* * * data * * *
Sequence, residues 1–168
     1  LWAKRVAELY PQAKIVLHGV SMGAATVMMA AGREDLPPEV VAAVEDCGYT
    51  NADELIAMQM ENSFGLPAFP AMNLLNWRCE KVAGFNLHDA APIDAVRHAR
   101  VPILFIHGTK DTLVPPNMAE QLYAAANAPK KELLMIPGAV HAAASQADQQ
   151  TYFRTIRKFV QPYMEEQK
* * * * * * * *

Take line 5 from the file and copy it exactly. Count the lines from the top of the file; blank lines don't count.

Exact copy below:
   151  TYFRTIRKFV QPYMEEQK